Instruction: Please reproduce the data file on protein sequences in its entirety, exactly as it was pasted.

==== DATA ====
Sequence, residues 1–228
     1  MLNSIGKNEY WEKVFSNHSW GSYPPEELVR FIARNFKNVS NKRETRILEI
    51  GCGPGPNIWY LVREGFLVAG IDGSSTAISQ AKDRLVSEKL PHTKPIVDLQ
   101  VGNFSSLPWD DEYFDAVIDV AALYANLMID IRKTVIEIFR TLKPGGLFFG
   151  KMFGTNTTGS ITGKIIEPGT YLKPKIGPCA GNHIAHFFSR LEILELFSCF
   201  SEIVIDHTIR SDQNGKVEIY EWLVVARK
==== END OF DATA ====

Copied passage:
Sequence, residues 1–228
     1  MLNSIGKNEY WEKVFSNHSW GSYPPEELVR FIARNFKNVS NKRETRILEI
    51  GCGPGPNIWY LVREGFLVAG IDGSSTAISQ AKDRLVSEKL PHTKPIVDLQ
   101  VGNFSSLPWD DEYFDAVIDV AALYANLMID IRKTVIEIFR TLKPGGLFFG
   151  KMFGTNTTGS ITGKIIEPGT YLKPKIGPCA GNHIAHFFSR LEILELFSCF
   201  SEIVIDHTIR SDQNGKVEIY EWLVVARK